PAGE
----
Cover image for Mexico, the end of the revolution
Mexico, the end of the revolution
Hodges, Donald C. (Donald Clark), 1923-2009.
Publication Information:
Westport, Conn. : Praeger, 2002.
Physical Description:
213 pages ; 25 cm
Added Author:

Format :


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F1234 .H7975 2002 Adult Non-Fiction Non-Fiction Area

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In this history of the Mexican Revolution, the authors reveal that, along with the end of its social pact, Mexico passed out of its former nationalist and capitalist orbit to enter the new professional societies and global order fathered by the transnationals.

Author Notes

DONALD C. HODGES is a professor of philosophy and an affiliate professor of political science at Florida State University. The founder of Social Theory and Practice , he has served on the editorial boards of Philosophy & Phenomenological Research and Latin American Perspectives among others. He is the author of more than a dozen books on revolutions and revolutionary movements in Latin America, five of which have been translated into Spanish and published in Mexico.

ROSS GANDY is a professional philosopher and historian who has lived and taught in Mexico since 1970. During the 1970s he taught political philosophy at Ivan Illich's Centro de Documentacion Cultural (CIDOC) and, since 1981, has been professor of history and political science at Mexico's National University (UNAM).

Reviews 1

Choice Review

Hodges (philosophy and political science, Florida State Univ.) and Gandy (independent philosopher and historian) have written one of the most informed, informative, and interesting analyses available of 20th-century Mexico. With an ideological perspective neither hidden nor heavy-handed, the book is eminently readable, with dozens of delightfully quotable phrases. The selected bibliography obscures the considerable reading and magisterial familiarity with Mexican government, society, and politics. The authors offer the best explanation presently available of the quandary of Mexican economic development, in which neither state policies nor massive external investment has altered the routine of daily life for the vast majority of citizens. Their principal thesis is that an overwhelming number of analysts of the Mexican Revolution have failed to grasp the true significance of the revolution that occurred after 1910. With highly persuasive facts and figures, Hodges and Gandy convincingly show that the revolutionary changes in modern Mexico ended not with the victory of capitalism--in any combination of foreign and domestic capitalists--but in a rapacious bureaucracy that absorbs more of the gross domestic output than either salaried workers or corporate profit seekers. Mexico, they claim, is dominated by "bureaupreneurs instead of entrepreneurs." Highly recommended for all levels and collections. F. W. Knight Johns Hopkins University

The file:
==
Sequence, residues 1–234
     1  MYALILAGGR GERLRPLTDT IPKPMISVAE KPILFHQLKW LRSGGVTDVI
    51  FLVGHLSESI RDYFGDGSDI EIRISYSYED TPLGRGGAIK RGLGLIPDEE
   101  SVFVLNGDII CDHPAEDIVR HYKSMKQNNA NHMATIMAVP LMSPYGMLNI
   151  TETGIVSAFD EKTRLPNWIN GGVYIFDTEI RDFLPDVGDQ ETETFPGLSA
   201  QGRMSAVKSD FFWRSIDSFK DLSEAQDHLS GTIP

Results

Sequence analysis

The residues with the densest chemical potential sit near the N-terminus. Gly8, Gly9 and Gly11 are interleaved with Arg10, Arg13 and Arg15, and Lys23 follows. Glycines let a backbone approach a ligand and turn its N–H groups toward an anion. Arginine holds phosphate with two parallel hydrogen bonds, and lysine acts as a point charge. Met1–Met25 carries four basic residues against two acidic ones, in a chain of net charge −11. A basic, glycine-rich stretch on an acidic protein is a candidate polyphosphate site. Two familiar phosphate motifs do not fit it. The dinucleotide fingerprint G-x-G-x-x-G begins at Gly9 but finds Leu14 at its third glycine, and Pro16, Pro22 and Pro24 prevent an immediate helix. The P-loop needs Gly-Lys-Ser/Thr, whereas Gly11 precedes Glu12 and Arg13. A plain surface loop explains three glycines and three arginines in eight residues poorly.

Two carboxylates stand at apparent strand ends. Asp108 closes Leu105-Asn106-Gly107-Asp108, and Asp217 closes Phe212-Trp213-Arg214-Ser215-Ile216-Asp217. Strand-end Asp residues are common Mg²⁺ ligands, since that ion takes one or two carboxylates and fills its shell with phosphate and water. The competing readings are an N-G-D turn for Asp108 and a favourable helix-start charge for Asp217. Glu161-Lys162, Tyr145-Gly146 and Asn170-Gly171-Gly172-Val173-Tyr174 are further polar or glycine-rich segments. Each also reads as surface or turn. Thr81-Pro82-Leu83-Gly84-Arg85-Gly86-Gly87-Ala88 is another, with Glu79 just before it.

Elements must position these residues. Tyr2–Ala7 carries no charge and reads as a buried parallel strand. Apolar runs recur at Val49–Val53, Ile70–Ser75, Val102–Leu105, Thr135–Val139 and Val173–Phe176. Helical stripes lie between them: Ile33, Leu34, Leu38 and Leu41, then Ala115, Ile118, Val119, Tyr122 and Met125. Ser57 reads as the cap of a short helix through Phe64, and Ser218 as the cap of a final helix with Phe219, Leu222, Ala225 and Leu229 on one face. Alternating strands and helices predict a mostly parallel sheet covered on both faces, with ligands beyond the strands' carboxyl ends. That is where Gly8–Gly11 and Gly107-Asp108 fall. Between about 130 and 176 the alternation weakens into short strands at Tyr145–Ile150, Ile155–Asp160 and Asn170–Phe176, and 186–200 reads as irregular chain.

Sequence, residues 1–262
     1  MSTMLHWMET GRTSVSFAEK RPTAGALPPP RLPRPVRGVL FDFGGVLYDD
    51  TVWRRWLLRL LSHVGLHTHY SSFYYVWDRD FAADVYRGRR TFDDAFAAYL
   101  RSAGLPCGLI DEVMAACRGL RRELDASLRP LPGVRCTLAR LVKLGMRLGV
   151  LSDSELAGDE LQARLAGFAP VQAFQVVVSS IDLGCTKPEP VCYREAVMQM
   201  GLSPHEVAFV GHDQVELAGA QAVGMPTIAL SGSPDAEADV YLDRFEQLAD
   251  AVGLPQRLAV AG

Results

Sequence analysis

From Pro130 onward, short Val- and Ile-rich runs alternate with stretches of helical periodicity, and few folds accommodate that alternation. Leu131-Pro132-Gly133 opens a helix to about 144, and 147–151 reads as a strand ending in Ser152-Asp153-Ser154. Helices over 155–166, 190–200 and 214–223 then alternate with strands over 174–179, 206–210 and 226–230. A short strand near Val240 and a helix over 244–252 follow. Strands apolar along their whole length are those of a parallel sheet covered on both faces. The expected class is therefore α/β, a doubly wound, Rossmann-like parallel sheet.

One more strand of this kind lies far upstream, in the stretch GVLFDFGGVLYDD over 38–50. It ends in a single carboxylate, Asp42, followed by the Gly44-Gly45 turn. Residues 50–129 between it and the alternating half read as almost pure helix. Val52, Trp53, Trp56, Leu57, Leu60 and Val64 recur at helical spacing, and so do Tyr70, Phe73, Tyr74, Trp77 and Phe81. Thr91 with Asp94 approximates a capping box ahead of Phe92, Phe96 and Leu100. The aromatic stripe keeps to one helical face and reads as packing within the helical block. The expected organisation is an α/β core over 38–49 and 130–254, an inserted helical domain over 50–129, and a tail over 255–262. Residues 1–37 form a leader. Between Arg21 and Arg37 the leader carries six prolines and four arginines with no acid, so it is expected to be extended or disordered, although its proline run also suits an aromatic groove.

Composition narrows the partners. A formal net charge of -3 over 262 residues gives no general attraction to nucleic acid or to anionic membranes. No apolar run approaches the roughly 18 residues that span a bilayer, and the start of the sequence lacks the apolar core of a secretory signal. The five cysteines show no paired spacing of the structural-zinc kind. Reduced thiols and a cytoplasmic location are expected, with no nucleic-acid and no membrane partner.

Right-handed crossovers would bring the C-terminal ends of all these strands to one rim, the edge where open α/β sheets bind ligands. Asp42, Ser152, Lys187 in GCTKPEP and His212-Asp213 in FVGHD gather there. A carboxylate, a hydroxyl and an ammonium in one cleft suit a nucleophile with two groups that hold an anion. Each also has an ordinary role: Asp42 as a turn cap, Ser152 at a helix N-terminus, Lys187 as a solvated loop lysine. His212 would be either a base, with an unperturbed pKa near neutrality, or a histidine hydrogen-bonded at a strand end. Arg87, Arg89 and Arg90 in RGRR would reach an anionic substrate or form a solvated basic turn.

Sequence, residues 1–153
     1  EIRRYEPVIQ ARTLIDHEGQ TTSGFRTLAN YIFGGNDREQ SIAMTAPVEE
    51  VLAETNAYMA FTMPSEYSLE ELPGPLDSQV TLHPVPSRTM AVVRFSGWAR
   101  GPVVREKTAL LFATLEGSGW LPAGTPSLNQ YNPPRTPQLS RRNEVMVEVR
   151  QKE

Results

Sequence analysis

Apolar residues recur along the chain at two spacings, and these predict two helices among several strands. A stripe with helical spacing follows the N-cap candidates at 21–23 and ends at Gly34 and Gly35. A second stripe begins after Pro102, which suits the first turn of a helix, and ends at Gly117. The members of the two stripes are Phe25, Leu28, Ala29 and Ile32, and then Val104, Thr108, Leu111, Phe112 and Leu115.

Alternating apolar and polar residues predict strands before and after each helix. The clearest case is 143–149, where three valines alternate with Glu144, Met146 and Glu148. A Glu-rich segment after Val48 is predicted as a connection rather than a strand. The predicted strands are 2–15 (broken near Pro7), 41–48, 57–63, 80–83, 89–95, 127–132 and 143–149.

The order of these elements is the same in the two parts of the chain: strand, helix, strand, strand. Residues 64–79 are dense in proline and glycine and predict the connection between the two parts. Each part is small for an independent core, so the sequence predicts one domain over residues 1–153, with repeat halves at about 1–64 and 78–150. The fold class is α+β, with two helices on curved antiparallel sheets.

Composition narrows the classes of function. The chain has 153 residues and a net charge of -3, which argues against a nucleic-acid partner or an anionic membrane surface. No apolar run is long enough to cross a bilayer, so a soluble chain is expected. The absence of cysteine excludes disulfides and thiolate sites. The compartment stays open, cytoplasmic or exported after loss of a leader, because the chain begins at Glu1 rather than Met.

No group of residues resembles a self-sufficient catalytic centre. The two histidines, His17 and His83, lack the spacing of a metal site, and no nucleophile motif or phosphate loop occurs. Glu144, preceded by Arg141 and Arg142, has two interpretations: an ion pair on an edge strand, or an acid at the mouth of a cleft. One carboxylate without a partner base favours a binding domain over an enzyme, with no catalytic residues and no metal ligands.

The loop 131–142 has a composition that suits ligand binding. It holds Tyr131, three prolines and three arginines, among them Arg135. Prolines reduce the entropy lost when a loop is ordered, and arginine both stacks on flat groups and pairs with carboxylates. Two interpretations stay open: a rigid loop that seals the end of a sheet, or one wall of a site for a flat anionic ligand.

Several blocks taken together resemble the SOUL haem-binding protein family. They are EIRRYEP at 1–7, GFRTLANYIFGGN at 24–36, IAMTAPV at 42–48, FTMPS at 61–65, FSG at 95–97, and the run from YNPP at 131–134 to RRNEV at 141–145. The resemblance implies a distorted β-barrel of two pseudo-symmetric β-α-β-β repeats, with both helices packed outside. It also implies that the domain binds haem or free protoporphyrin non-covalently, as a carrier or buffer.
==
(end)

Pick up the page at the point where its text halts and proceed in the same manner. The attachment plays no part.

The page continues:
Table of Contents

Introductionp. 1
1 The People in Armsp. 9
2 The Great Transformationp. 39
3 Administering the Social Pactp. 85
4 The Revolution Betrayedp. 127
5 The Revolution Underminedp. 151
Notesp. 189
Selected Bibliographyp. 203
Indexp. 205